Ranil urges South Asian neighbours to iron out differences

By Meera Srinivasan

Successful regional integration — both economic and security — depends on the South Asian Association for Regional Cooperation (SAARC) becoming fully functional at the highest levels, Sri Lanka’s former Prime Minister Ranil Wickremesinghe said.

Emphasising the need for countries in the region to link up both strategically and economically, Wickremesinghe said the postponement of the Kathmandu SAARC Summit in 2017 due to heightened tensions between India and Pakistan had brought the regional grouping “to a standstill”.

Urging the neighbours to iron out differences — including on cross-border terrorism — he said, “Otherwise you may find outsiders coming and telling [you] sort it out…not us in South Asia.”

“SAARC is deadlocked. While BIMSTEC is not a substitute for SAARC, it is, nevertheless a starting point for integration,” he said, in his keynote address at The Huddle, a two-day thought conclave organised by The Hindu in Bengaluru.

Proposing an ‘Economic Integration Road Map (EIRM)’, Mr. Wickremesinghe said it was important to conceptualise a “sub-region”, consisting of the five southern states of India, and Sri Lanka, to tap the total population of 300 million people and a combined GDP of over $500 billion.

Addressing para-tariffs and non-tariff barriers for successful regional integration, tapping e-commerce and enhancing tourism were crucial to such a road map, Mr. Wickremesinghe said.

“The Bay of Bengal is the largest bay in the world, dotted with famous cities and scenic beaches including the Andaman Islands and Phuket. Cruise tourism catering to millions of the emerging Asian middle classes, is a new commercial opening for the region,” he said.

The EIRM, he said, must not only be market-driven and but also be able to provide a deeper integration than the ASEAN-led RCEP ((Regional Comprehensive Economic Partnership) agreement, Mr. Wickremesinghe said. “I would suggest that the negotiations for such an agreement be concluded in two years,” he added.

Responding to a question from the audience, in a discussion moderated by The Hindu Group Publishing Chairman N. Ram, on Sri Lanka leasing out its southern Hambantota Port to China for 99 years, the former Premier spoke of his Government then mulling options to deal with the debt on the project.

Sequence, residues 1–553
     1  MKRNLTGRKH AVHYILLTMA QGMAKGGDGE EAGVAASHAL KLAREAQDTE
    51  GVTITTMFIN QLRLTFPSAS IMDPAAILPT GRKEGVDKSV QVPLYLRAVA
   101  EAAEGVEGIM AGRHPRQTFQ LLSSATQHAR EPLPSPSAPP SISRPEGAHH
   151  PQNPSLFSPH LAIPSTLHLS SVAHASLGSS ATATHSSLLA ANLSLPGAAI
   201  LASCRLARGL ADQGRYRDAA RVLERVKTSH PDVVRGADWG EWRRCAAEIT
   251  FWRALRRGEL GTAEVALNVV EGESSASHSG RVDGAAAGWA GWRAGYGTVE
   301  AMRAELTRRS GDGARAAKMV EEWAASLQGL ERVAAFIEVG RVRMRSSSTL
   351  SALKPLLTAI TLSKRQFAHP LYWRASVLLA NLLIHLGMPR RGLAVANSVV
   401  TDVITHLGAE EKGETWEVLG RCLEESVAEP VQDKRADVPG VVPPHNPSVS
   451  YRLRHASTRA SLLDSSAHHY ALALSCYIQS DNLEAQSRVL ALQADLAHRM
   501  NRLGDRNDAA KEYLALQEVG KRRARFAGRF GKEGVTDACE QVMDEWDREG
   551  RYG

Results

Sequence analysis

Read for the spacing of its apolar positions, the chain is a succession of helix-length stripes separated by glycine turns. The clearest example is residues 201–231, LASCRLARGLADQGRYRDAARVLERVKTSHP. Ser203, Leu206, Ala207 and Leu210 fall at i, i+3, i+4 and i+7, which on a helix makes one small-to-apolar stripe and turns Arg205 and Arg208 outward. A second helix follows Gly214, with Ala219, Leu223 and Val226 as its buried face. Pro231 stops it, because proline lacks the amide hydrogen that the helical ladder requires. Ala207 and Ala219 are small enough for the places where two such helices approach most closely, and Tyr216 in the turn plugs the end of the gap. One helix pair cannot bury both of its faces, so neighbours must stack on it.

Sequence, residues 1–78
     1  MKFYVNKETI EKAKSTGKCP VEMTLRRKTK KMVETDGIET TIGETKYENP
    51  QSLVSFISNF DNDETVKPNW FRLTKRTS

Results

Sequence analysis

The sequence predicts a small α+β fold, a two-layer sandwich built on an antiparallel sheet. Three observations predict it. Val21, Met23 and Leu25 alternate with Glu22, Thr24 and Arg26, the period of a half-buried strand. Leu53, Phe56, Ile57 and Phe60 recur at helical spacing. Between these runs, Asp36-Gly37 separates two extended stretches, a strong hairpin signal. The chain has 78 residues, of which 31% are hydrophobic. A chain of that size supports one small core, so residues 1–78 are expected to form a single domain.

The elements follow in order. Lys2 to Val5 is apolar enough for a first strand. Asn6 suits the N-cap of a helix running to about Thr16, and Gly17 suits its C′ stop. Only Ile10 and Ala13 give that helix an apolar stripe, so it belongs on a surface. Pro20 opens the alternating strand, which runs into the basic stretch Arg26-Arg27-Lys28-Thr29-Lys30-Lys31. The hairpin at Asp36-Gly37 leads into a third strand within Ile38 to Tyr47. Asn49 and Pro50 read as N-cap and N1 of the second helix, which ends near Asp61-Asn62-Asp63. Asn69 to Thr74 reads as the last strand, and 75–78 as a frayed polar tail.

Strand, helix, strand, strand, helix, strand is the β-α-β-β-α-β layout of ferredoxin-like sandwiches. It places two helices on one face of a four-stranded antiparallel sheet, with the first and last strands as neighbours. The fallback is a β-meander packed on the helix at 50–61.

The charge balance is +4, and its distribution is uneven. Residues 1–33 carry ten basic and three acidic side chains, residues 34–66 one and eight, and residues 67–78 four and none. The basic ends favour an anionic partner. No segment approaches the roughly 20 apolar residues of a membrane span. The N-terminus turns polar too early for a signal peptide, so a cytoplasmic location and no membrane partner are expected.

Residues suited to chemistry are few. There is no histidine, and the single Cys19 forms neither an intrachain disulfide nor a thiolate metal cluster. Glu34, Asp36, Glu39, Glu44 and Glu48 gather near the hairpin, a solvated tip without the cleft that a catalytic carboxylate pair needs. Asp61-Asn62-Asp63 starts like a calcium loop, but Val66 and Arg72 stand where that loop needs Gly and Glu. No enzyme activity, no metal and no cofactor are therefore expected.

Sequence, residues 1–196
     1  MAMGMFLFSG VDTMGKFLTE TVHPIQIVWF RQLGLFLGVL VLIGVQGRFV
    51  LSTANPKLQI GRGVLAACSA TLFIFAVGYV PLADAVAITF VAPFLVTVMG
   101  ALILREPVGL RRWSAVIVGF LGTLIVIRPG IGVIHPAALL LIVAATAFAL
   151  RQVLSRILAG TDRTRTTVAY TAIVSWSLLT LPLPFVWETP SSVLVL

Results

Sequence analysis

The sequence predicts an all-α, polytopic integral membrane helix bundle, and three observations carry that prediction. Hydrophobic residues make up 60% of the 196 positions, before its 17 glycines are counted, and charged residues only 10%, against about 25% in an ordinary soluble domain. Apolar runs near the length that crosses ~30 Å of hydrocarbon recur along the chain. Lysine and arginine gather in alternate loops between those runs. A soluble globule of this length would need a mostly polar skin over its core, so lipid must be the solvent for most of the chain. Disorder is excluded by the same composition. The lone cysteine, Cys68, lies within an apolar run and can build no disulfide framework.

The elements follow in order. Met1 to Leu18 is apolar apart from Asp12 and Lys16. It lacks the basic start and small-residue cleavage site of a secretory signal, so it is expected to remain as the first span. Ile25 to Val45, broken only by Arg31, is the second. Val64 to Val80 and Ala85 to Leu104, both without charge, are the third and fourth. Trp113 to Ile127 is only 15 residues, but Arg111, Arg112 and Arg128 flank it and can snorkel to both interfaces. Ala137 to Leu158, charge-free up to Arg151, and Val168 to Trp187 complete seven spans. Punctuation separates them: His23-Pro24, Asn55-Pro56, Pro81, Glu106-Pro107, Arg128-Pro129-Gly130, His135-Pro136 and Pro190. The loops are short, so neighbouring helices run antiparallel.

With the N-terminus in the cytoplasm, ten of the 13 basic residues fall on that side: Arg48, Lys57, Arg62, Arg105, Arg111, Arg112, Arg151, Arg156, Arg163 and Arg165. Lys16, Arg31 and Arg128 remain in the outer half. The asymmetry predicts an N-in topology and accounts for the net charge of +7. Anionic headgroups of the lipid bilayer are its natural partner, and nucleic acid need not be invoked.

Wickremesinghe’s government, which rose to power in 2015, tried renegotiating the deal [that former President Mahinda Rajapaksa had originally signed] with China, and President Xi Jinping “didn’t take a hard-line stand”.

In turn, the Sri Lankan government ensured that all security aspects were under its control. “We won’t allow our soil to be used for any action that is deemed to be hostile to India,” he told the audience, invoking instant applause. “I feel that the Chinese at the moment cannot bring their big ships [to our region]. It is basically very strong economic diplomacy that they are into, and it is a question of how to respond,” Wickremesinghe said.

India cannot respond unless it opens up, he observed. “If you want a deep pocket like China, you have to carry out these changes.” (The Hindu)

2 COMMENTS

  1. After losing the election RW has been thinking to get attention of the people. Finally, he came up with this idea.

    RW has changed Sri Lanka as a developed country through good governance. Now he is in a mission to develop other South Asian countries as Singapore :–)))

    I would not ask him to iron out his useless ideas, if he does he will have nothing in his head.

    The British population was only 16 million when they rilled the world. Few hundred convicts invaded Australia on genocide to takeover the sixth largest country for resources and better life. But South Asians’ priority has been breeding as rabbits. I didn’t come up with the words ‘breeding as rabbits’ This was used by Sir Winston Churchill to describe Indians.

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